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December 13, 2014

Featured Book: Escape by @NadiaKilrick




About the Book

Escape

Carolyn Breckenship discovers the man she married, is not only mean, he is a serial killer. He sees her as a weak and stupid woman. She is not. She gathers evidence of his crimes, which date back to his childhood. Before collecting proof of his crimes, Carrie suffers greatly at the hands of her husband. Still, she finds the strength and courage needed to carry on despite the urging of her friends that she give up and get out.

Enter an old love, Gabe Stuttshire, and fireworks erupt. Gabe, having done well for himself since he left their hometown, has everything he ever wanted - except Carrie. Coming home to find her in peril stirs up old feelings and he becomes a rock for Carrie and the other friends he left behind.

After a brutal attack by her husband, Carrie finally escapes with the truth, but so does Jim. He continues to wreak havoc on the little village until Gabe decides that Carrie has to leave town for her own safety. And, he has just the place for her to hide out. 



Buy Escape at Amazon




About the Author


Nadia Kilrick is a Florida native who finds tranquility in the simple life of the Deep South. She believes there is no better place to contemplate life's journey than sitting beside a slow moving creek shaded by mighty moss-draped oaks. It's there that dreams burst free from within the chasms of the human heart. Nadia has written fiction since childhood. The busyness of life and raising a family slowed the progress of her writing for two decades. When her children moved away, she began writing articles for the web. While writing articles related to gardening, family, self-sufficiency and do-it-yourself projects her passion for fiction writing quietly stirred. Now she writes fiction full time. Thriller, suspense/mystery and paranormal are her favorite genres to write. When reading, she reaches for psychological thrillers, true crime, mystery/suspense, horror, paranormal, western and historical fiction.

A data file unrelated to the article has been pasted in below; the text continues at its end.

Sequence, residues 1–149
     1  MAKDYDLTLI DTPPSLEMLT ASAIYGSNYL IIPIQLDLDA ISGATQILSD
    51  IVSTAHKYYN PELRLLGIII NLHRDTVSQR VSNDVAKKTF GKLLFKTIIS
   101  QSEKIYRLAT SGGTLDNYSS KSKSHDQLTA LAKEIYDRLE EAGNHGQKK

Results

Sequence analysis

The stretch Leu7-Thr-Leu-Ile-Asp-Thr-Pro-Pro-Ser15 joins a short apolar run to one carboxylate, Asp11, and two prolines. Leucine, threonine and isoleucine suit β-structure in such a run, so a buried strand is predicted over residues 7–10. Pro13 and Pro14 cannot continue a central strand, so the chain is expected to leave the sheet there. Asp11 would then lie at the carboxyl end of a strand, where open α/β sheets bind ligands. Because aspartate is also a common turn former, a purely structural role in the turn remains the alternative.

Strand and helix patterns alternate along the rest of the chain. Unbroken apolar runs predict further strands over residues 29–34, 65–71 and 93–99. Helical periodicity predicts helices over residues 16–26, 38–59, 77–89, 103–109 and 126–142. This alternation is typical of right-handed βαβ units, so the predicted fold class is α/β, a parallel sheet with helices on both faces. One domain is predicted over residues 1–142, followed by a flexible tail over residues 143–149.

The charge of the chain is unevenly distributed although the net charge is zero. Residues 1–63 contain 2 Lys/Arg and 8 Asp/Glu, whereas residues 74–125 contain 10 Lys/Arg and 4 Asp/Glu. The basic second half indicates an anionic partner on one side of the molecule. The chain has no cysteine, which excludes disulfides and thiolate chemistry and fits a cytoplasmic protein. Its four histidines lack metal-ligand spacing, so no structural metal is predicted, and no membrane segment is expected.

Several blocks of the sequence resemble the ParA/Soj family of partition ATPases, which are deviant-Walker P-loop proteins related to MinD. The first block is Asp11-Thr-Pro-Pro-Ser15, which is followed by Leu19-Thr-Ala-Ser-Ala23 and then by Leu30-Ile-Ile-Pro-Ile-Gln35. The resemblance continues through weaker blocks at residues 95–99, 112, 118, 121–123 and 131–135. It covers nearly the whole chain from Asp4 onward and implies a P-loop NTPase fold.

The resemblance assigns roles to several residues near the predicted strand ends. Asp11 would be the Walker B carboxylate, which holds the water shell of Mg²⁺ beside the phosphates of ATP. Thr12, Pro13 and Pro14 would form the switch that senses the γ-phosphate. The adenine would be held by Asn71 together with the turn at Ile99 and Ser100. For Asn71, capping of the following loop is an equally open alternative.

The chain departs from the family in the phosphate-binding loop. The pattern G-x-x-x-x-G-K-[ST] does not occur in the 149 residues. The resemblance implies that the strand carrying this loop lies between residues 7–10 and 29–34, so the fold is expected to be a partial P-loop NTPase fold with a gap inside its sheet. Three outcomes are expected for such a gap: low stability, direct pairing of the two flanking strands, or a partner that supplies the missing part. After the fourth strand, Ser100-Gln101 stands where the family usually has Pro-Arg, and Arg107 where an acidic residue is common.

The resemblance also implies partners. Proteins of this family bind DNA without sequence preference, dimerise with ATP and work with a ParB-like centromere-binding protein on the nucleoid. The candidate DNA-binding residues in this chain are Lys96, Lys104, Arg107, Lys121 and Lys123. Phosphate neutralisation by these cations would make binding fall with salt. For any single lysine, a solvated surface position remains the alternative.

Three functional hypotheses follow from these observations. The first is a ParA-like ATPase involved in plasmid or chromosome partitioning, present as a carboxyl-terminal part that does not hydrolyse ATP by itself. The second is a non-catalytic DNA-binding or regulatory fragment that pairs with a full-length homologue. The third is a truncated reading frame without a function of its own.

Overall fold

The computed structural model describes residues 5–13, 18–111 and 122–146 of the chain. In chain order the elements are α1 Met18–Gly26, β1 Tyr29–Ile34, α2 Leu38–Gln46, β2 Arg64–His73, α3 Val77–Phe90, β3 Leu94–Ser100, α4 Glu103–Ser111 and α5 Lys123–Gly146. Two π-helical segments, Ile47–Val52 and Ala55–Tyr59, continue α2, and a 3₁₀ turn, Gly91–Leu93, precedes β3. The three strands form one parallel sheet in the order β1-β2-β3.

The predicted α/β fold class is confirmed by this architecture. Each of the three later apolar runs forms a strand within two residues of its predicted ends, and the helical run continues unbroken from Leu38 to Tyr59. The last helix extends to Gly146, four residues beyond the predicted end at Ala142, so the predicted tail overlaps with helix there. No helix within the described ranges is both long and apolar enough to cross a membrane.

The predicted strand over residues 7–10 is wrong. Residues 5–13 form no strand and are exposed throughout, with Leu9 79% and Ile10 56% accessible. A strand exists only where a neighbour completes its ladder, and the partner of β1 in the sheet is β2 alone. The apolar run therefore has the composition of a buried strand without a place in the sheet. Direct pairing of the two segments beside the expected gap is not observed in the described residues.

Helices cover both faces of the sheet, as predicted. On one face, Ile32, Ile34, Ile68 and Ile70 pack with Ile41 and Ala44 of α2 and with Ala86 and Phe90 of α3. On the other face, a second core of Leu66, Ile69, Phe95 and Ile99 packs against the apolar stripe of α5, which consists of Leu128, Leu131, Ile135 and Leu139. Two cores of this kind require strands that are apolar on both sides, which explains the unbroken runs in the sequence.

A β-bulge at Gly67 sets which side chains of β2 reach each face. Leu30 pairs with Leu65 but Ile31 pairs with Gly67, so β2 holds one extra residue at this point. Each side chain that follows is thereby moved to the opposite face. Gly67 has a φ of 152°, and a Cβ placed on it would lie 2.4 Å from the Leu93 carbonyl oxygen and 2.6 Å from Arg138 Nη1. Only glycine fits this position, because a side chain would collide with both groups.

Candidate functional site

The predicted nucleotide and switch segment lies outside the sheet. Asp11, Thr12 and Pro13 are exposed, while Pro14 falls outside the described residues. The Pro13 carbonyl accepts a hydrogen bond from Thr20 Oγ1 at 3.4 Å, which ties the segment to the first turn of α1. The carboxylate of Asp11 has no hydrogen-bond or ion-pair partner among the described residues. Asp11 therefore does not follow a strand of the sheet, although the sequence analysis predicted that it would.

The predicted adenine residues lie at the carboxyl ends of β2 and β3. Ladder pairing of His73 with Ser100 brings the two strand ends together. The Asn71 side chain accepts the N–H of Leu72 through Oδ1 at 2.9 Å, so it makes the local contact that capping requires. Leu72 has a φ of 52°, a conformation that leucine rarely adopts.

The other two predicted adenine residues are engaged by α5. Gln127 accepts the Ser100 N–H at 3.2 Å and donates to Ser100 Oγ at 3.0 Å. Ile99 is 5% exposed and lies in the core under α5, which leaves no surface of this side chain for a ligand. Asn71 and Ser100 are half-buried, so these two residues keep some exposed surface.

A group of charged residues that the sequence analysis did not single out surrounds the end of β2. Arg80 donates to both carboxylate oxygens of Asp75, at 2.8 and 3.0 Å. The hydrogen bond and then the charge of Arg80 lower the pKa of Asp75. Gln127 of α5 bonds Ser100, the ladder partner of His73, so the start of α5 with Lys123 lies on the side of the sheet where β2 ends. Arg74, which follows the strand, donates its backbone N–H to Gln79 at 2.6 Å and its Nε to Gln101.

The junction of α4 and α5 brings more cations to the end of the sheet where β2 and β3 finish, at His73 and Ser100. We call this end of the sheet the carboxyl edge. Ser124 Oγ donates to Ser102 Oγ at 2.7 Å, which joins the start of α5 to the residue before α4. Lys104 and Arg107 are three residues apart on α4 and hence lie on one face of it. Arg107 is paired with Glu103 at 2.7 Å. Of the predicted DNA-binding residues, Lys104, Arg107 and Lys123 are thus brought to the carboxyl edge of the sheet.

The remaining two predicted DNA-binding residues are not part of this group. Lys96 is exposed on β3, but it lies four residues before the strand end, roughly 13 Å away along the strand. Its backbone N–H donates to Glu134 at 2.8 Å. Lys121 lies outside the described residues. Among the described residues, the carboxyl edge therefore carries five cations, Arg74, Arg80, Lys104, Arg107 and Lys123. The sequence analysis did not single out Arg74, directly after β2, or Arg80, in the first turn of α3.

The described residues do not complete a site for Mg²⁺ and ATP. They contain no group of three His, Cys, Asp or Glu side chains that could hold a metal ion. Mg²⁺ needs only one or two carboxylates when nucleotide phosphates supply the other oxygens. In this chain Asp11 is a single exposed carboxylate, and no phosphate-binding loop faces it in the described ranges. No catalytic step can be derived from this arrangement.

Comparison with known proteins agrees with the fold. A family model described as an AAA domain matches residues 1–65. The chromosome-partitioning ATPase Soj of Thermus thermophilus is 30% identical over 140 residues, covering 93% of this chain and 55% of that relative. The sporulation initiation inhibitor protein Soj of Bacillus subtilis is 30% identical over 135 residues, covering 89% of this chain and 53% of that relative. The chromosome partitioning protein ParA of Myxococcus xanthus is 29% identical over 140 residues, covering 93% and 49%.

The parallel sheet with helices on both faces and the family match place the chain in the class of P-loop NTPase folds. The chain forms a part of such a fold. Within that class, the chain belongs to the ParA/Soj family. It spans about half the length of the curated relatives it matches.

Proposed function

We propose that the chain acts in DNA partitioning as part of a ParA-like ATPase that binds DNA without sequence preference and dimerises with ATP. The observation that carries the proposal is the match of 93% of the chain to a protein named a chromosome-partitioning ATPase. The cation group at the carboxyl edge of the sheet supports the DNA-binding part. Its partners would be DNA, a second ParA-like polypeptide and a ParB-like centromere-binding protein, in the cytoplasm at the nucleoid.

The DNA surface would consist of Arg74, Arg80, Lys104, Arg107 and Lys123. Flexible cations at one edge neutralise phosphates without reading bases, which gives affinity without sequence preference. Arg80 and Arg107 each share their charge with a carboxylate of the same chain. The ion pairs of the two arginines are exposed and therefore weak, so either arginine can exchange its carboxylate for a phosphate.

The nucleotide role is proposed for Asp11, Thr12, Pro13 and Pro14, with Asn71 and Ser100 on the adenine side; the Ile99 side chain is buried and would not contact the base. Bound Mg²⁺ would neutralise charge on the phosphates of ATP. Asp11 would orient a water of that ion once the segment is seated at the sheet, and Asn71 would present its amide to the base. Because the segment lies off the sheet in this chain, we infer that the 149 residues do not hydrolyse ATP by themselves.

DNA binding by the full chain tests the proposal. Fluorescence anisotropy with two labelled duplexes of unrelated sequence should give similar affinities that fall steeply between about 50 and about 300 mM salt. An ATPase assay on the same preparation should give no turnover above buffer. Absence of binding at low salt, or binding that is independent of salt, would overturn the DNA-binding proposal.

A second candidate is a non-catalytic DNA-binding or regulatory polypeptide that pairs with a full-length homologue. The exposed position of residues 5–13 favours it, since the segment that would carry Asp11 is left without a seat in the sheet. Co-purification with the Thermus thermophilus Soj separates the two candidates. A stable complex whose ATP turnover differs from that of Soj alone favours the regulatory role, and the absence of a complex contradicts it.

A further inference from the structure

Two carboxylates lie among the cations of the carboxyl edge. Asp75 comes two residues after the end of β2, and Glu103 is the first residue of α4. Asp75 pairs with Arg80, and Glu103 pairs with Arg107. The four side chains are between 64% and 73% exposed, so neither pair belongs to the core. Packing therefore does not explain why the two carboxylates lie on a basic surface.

Twitter  *  Facebook  *  Goodreads




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December 12, 2014

Featured Book: There is no Going Back by Siggy Buckley (@Hernibs)




About the Book

There's No Going Back

Based on true events at the end of World War II, this short story depicts a moment in German history that is not well known. Having lost the war, German citizens in the Eastern territories are being expelled from their homes and land by the victorious Russian and Polish troops. The author describes in vivid detail the long and dangerous trek of refugees through ice and snow to safety in the West. 60 years later, after borders have been redrawn and the political landscape reshaped, not least due to the EU (European Union), a trip back 'home' turns out to be an eye opener.





Buy There is no Going Back at Amazon




About the Author

Siggy Buckley
A former English teacher, Siggy Buckley's life took an unexpected turn when her husband, a CPA, opted out of the rat race in Germany and made his family emigrate to Ireland to become organic farmers. Her new life only produced a crop of misgivings and the breakup of her marriage. Single again, she reinvented herself, launched a dating service in Dublin. Remarried, she now lives and writes in Florida. She is a member of the National League of American Pen Women.

blog  *  Twitter  *  Facebook  *  Goodreads




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Send a link to the book you want featured to donna @ girl-who-reads.com. 1 link per author, NO erotica. The link can be to a retail site, Goodreads, or your website.

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Review: Murder Most Deadly by Simon Okill (@SimonOKill)

by Claire Rees


Murder Most Deadly


She gave Jethro a thoughtful look, wondering if Joey or Topsy had let slip what they had been doing in the back garden. No, surely they wouldn’t have been that stupid as to say they had been looking for smugglers loot or worse still mentioned they were un -planting bods. Just wait till she got home, she’d give them what for with a kick up their backsides.......




The Review